Corporate Culture

Corporate Culture as a future factor in organisations

Peter Fischer founded Fischer Group International over 25 years ago. His second book, "Future Factor Corporate Culture," has just been published, in which he shows how companies can create the conditions for a contemporary and sustainable corporate culture in seven steps. In this interview, he explains who his book is aimed at, what cultural change is all about, and why companies should pay particular attention to this topic today.

Dear Mr. Fischer, why this book just now and on this subject?

The time is ripe. There has hardly been a time when companies have faced such major challenges as they do today. It is not just the challenge posed by Covid-19 and the continuing growth of global competition, it is above all the challenges posed by digitalization, which is still accelerating. Most companies are being forced to radically rethink. They not only have to change their processes and question their business models, but above all develop new ways of working. This requires cultural change, otherwise it won't work.

Who is your book aimed at?

To the top management of a company, i.e. to board members and senior executives who have the task and also the scope to shape the culture of the company or a business unit for the future. For this target group, I wanted to provide an overview of the now extensive literature on cultural change. Above all, however, I wanted to provide a "guideline," similar to my Leadership Change book, on how to approach culture change in a company if you want to do it right.

What do you mean when you talk about culture and cultural change? Especially also in relation to companies.

I am always asked this question. Culture, as almost all experts now agree, is nothing more or less than the sum of the mostly unspoken basic convictions and self-understandings of an organization, or more generally, of a group of people. They are reflected in habits, i.e. in behavioral procedures and processes, in do's and don'ts, in what one may and may not do. But they are usually also reflected in external aspects such as the design of rooms, the architecture, the location of a company and much more.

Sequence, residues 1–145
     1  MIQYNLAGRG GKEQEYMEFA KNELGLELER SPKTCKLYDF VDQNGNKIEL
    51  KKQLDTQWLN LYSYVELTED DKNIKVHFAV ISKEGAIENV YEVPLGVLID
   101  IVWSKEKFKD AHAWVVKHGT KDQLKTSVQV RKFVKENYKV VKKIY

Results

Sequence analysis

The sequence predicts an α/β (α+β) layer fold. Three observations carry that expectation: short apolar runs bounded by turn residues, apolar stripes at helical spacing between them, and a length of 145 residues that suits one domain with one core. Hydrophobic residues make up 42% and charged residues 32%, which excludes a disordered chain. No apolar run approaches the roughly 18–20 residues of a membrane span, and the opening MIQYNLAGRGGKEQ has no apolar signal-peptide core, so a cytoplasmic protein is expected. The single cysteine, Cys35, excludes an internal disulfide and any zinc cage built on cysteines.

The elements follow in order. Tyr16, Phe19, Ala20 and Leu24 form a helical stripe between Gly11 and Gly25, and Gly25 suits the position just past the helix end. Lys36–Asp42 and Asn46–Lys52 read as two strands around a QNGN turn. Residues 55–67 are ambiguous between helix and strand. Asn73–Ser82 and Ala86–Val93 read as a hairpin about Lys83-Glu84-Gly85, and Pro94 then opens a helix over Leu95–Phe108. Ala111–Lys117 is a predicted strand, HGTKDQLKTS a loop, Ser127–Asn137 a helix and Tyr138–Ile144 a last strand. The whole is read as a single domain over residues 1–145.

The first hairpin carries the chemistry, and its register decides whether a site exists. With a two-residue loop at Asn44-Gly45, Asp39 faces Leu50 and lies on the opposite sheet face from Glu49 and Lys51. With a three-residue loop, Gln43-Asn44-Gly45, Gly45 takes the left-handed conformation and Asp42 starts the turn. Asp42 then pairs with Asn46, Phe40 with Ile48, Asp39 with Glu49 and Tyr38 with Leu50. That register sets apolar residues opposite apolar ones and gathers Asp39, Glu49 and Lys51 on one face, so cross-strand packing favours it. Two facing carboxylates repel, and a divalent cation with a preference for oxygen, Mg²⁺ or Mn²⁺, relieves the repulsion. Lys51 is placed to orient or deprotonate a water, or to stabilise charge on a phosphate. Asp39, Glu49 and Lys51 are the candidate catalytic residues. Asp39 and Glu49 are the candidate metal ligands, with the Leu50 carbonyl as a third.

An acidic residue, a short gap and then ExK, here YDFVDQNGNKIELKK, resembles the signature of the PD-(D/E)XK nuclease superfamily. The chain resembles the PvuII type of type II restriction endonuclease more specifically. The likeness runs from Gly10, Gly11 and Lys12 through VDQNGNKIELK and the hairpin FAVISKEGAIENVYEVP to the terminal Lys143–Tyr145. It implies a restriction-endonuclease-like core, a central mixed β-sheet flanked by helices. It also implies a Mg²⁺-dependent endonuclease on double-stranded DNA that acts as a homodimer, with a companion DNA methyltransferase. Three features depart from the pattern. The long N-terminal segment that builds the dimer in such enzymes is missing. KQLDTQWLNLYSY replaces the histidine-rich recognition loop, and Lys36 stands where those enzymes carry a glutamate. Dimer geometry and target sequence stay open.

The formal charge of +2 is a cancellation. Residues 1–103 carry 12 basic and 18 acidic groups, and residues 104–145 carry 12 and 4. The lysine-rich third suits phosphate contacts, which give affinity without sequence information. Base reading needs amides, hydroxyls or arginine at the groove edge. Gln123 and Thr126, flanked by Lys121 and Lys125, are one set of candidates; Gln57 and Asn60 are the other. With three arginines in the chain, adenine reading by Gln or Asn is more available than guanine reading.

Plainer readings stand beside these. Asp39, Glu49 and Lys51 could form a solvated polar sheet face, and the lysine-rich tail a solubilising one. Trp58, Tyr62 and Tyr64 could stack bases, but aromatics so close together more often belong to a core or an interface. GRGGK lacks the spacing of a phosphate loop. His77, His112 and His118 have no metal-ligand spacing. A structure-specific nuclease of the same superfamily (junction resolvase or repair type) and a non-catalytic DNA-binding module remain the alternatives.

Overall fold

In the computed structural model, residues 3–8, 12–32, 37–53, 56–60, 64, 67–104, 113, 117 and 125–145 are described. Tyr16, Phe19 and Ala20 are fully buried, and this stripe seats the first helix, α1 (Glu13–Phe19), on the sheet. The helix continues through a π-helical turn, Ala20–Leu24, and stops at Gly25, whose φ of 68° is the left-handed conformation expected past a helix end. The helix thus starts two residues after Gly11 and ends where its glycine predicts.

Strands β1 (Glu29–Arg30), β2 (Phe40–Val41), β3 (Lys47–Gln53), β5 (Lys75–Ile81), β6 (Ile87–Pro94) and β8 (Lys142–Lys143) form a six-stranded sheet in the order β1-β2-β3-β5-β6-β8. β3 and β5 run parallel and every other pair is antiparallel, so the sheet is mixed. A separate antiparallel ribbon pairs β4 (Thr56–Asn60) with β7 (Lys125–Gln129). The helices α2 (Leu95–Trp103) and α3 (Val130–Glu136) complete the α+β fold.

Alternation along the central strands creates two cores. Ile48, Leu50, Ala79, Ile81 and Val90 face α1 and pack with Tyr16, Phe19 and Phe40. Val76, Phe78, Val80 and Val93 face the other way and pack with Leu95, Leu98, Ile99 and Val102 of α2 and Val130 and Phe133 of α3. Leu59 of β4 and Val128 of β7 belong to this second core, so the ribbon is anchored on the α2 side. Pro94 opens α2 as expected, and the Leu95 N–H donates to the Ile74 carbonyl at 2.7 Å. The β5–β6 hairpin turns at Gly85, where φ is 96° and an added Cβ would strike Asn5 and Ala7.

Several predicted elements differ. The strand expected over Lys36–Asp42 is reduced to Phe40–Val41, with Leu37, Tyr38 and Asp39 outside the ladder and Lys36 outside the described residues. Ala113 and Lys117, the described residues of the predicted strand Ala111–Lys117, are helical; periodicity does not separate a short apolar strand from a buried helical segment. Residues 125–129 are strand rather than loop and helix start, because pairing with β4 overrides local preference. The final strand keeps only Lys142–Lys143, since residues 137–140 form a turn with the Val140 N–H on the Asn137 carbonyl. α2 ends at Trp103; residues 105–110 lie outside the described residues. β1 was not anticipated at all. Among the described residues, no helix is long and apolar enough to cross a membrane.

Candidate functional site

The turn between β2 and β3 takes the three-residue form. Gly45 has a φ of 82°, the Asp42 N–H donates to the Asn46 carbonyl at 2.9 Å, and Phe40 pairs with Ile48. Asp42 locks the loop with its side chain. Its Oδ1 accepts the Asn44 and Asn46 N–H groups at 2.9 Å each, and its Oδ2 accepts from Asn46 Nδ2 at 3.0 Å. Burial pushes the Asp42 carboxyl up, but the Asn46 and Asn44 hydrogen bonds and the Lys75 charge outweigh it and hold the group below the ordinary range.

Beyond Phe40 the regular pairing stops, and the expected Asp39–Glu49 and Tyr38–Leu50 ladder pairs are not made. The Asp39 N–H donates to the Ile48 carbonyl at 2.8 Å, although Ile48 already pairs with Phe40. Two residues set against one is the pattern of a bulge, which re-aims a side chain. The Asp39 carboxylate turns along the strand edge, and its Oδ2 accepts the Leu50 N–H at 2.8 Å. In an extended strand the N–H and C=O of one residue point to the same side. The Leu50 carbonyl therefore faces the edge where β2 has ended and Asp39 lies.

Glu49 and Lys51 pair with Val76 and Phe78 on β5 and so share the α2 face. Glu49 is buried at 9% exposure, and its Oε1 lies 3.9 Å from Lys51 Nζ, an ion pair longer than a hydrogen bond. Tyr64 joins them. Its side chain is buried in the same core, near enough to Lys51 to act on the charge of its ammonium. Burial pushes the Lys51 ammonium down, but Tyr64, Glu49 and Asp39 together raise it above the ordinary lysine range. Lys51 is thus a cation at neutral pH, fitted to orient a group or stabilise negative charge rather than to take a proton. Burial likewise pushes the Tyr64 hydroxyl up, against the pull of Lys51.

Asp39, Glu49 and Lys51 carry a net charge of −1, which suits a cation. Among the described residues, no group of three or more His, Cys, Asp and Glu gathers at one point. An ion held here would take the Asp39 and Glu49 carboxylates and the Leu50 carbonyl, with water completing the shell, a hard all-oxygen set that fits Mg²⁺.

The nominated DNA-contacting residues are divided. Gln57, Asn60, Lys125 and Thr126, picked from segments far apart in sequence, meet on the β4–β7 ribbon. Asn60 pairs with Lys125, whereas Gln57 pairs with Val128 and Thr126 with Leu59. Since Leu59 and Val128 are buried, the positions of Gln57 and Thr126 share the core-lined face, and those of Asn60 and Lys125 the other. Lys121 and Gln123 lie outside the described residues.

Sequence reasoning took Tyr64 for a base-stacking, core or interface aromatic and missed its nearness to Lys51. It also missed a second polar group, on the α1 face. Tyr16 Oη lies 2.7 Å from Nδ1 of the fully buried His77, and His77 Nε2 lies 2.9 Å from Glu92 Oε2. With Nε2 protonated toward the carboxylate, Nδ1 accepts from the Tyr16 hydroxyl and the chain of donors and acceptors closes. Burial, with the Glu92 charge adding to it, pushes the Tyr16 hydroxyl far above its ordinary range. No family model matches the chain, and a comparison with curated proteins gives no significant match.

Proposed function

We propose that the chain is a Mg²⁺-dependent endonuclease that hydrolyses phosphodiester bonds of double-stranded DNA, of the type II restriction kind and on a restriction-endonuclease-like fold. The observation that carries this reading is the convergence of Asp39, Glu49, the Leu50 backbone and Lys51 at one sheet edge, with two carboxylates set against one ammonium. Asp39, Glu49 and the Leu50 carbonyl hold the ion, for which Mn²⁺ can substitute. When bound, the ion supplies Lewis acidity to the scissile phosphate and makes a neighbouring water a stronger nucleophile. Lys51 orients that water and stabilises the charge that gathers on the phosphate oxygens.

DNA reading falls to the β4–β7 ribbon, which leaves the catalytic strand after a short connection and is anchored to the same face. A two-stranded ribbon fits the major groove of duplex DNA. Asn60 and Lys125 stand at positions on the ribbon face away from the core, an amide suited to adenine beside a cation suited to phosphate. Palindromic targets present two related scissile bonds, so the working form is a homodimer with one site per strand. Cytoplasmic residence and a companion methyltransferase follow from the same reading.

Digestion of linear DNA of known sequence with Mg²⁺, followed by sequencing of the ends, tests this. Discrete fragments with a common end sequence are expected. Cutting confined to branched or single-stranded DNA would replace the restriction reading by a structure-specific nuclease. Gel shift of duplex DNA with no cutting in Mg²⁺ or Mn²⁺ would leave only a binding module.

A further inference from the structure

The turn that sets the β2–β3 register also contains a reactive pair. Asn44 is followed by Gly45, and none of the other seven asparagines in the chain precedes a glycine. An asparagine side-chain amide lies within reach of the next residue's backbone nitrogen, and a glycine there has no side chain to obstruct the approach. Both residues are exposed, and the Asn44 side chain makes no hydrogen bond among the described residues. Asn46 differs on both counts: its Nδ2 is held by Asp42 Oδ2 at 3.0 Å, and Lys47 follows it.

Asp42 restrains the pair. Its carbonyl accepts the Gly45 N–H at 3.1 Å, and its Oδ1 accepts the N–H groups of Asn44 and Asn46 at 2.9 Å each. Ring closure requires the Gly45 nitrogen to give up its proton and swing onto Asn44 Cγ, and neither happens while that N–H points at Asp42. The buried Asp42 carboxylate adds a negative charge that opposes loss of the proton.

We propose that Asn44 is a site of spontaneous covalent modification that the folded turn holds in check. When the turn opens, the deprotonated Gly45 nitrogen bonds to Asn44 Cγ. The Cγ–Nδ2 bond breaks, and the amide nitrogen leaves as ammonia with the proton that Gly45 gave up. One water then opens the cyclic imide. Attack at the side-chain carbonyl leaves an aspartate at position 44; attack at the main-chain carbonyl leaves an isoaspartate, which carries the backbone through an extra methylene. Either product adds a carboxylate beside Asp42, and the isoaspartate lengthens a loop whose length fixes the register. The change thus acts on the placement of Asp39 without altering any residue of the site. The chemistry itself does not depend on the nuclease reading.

For example, if a company is convinced that customer service is the key secret to success, then whether you like it or not, that will be reflected in the stories you tell yourself about customers, the place you give customers in your processes, or how you handle complaints, and much more.

All of this together is the culture of the company and when you talk about culture change, you mean exactly this change in fundamental attitudes and beliefs. So if, for example, you want to turn a strongly hierarchical organization into a flat team-oriented organization, or a technology-loving company into a customer-oriented one, then you are talking about cultural change.

Is culture change something that just happens over time or does culture change always have to be actively brought about?

Culture almost always changes, but usually slowly. Of course, we have changed in many areas of life in recent years as a result of digitization and communication in social networks. Of course, a new boss, with new inner convictions and a different management style, also contributes step by step to a cultural change in a company. Changing customer requirements, such as different communication habits, also lead to a process of cultural change in the company that is often not immediately visible.

However, if you want to bring about such a process in a limited amount of time for a larger group of people, so I'm talking about a thousand, two thousand or five thousand people, then you need an active cultural change. It needs a process, it needs responsible people and much more.

Who is responsible for cultural change in companies?